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A world made in England

By Babette Francis - posted Tuesday, 4 October 2016


Many pages and gallons of "printer's ink", if such a substance, is still used, have been devoted to issues relating to our indigenous population: their achievements and their problems - and the policies devised over decades by successive governments, state and federal, and non-government agencies, to address these problems.

Looking at the situation from what is a non-indigenous but immigrant-to-Australia perspective, the policies apart from occasional success stories, appear to have failed if one examines the statistics on life expectancy and rates of imprisonment, considering just two indices that show up indigenous disadvantage.

Because of this I suggest a new basis for policy making which is particularly relevant to that proportion of our indigenous population who are of mixed heritage, that is indigenous as well as having an Anglo-Saxon-Celtic or other European heritage.

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I relate this back to my own experience - I was born in India and lived there during the heady days of Indian independence from British rule in 1947. There were celebrations but also ghastly riots between Hindus and Muslims in which over a million were killed.

However India made some sensible decisions - one was to have a secular Constitution and the second was not to over emphasise 'our ancient culture' dating back over 5,000 years and related to the Vedas (holy books of Hinduism), the Sanskrit language, etc., but to recognise that for practical purposes we live in a world "made in England", although it was not phrased quite like that.

Accordingly Hindi and English became the two major official languages with another 15 local languages also recognised.

Today English is achieving even greater significance in India with classes advertised everywhere for locals to learn and improve their fluency in this language.

So this is my first plea to our indigenous population - no matter how great your pride in your indigenous culture, acknowledge that you do not have a written language and that we live in a world made in England.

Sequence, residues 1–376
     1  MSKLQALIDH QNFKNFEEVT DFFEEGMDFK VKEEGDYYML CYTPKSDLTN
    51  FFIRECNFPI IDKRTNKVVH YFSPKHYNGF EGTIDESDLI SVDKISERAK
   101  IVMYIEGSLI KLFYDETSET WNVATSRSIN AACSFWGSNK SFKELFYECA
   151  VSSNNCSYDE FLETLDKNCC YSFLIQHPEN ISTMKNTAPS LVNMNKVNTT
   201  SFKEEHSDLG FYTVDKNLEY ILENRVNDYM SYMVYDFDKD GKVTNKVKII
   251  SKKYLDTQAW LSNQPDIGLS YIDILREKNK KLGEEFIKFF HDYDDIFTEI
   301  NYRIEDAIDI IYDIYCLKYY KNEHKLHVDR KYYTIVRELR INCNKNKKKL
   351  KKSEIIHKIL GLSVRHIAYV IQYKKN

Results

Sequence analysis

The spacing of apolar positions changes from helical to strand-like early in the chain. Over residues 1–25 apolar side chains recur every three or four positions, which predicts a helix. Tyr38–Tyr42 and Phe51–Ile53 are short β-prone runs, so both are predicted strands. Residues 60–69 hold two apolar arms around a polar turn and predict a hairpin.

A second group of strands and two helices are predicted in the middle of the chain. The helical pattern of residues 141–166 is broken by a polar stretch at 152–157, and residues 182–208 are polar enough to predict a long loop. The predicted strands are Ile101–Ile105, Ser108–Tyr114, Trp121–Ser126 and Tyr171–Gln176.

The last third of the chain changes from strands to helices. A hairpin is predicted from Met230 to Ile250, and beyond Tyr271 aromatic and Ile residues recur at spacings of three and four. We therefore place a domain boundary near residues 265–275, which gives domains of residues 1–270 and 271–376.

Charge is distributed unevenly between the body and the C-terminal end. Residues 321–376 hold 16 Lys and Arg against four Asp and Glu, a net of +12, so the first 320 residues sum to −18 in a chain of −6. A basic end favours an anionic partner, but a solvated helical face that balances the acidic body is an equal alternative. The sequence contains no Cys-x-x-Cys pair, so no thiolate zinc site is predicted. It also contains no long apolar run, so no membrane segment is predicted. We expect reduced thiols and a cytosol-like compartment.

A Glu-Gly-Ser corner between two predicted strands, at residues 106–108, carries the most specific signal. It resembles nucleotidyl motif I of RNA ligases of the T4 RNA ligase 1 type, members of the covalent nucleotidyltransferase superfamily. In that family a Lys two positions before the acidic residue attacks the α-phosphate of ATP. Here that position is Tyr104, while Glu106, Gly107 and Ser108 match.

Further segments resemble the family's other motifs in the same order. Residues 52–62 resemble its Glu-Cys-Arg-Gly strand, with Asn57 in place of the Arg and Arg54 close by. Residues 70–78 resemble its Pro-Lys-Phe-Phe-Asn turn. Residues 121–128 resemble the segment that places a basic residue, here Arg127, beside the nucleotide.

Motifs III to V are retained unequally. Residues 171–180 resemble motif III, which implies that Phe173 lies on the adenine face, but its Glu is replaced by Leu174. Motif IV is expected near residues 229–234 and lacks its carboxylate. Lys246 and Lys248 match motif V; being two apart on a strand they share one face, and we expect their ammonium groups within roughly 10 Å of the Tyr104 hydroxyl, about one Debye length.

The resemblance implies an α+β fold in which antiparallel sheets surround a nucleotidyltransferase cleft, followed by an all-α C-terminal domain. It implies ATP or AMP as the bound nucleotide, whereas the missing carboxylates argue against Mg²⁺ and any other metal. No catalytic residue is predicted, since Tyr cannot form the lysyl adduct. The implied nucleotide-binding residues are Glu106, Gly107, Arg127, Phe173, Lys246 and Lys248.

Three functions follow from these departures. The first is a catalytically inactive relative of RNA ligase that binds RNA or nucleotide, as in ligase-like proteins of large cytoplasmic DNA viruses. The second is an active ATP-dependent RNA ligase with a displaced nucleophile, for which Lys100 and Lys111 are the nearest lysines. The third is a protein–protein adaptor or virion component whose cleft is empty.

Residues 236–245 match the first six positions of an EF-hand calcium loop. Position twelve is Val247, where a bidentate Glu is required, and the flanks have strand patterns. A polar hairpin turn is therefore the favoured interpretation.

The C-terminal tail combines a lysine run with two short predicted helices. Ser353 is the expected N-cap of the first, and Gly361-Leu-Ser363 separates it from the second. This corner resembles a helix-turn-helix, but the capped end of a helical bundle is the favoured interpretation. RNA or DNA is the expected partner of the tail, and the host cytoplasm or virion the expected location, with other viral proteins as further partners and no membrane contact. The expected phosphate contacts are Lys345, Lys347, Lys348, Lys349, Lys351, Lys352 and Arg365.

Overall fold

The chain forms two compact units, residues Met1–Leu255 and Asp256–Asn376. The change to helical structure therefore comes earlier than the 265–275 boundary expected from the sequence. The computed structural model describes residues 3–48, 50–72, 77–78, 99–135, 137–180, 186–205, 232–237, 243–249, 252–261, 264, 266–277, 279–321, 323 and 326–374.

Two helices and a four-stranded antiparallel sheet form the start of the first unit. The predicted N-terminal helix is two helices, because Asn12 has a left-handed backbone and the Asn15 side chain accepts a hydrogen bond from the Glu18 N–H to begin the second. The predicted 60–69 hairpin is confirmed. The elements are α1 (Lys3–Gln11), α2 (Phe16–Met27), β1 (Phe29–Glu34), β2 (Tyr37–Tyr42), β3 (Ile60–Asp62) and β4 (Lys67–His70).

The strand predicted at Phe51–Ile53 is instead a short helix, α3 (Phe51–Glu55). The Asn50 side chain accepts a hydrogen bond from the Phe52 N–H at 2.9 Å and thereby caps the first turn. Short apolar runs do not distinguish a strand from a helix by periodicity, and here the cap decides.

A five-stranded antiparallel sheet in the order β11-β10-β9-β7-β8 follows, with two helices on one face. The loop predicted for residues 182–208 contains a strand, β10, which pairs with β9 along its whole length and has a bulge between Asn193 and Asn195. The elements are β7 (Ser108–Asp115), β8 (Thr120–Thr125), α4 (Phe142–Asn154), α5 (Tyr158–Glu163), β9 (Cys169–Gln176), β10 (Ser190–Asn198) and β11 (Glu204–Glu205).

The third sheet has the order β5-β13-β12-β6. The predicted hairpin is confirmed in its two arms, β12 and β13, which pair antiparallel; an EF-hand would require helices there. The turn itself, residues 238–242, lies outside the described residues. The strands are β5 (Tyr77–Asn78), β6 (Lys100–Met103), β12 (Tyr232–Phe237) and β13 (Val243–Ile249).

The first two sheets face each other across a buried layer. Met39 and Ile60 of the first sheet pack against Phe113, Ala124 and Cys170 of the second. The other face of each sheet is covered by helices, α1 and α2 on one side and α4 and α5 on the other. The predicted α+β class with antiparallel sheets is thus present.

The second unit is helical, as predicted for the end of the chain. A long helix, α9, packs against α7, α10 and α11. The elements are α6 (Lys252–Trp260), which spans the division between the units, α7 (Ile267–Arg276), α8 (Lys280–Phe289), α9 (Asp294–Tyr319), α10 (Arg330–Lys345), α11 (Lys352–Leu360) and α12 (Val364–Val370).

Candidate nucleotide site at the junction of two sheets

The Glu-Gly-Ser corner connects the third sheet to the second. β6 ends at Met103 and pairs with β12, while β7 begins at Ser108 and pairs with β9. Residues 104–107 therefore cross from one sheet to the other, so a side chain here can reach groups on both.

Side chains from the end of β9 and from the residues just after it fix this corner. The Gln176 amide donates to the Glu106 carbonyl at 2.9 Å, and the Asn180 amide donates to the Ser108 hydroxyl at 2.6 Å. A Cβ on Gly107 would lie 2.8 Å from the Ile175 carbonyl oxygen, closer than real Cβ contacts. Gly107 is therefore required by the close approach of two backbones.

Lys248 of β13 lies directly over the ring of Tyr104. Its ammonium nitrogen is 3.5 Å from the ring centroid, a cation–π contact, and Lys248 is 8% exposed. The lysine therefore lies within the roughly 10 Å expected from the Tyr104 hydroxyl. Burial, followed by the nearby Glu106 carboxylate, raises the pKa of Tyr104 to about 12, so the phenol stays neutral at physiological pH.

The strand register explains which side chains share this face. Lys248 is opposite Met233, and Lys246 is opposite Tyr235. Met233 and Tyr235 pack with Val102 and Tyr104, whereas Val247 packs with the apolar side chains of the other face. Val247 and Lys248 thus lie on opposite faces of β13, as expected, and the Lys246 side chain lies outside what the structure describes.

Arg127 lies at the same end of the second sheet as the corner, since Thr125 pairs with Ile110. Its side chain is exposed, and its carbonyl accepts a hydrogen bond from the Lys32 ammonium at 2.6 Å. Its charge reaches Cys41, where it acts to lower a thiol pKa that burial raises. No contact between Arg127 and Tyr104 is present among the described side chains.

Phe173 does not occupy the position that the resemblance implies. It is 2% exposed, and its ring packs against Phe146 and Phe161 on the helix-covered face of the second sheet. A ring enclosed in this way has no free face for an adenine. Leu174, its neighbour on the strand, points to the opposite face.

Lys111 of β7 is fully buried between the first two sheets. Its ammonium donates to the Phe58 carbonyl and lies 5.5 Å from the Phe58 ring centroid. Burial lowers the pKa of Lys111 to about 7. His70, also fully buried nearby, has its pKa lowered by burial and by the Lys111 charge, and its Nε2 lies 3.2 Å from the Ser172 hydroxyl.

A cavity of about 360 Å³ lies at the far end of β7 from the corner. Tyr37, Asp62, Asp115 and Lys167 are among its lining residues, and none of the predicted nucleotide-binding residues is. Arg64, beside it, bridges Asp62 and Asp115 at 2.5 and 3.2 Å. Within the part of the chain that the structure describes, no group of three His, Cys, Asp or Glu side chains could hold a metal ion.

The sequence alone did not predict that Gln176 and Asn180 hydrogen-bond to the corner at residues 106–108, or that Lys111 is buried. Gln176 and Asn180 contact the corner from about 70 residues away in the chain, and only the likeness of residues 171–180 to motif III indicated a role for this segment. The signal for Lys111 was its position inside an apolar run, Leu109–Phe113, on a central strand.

Fluency in English is a prerequisite for success - it truly is a world language, unlike French which is no longer so important. English is also taught all over Europe and Asia.

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Fluency in English is particularly useful in dealing with discrimination - I told my children that if they were ever teased at school because of their skin colour, to respond cheerfully and say: "Well at least I am not at risk of skin cancer like you, have you applied your sun block today?"

England and English may become even more significant in our world because of Brexit, ie. Britain leaving the EU which appears to be sinking somewhat into economic socialism and an uncontrolled immigration morass, while Britain is emphasising its own identity.

My second plea to those of our indigenous population who are of mixed indigenous and European (mostly British) blood is not to ignore the European part of their heritage. Identifying solely as indigenous no matter how many "Aboriginal" identity cards you possess, is like denying part of your parentage, denying your mother or your father. Teach your children about the other part of their heritage - the history, literature, music and art of Europe.

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About the Author

Babette Francis, (BSc.Hons), mother of eight, is the National & Overseas Co-ordinator of Endeavour Forum Inc. an NGO with special consultative status with the Economic & Social Council of the UN. Mrs. Francis is the Australian representative of the Coalition on Abortion/Breast Cancer - www.abortionbreastcancer.com. She lived in India during the Partition of the sub-continent into India and Pakistan, a historical event that she believes was caused by the unwillingness of the Muslim leaders of that era to live in a secular democracy.

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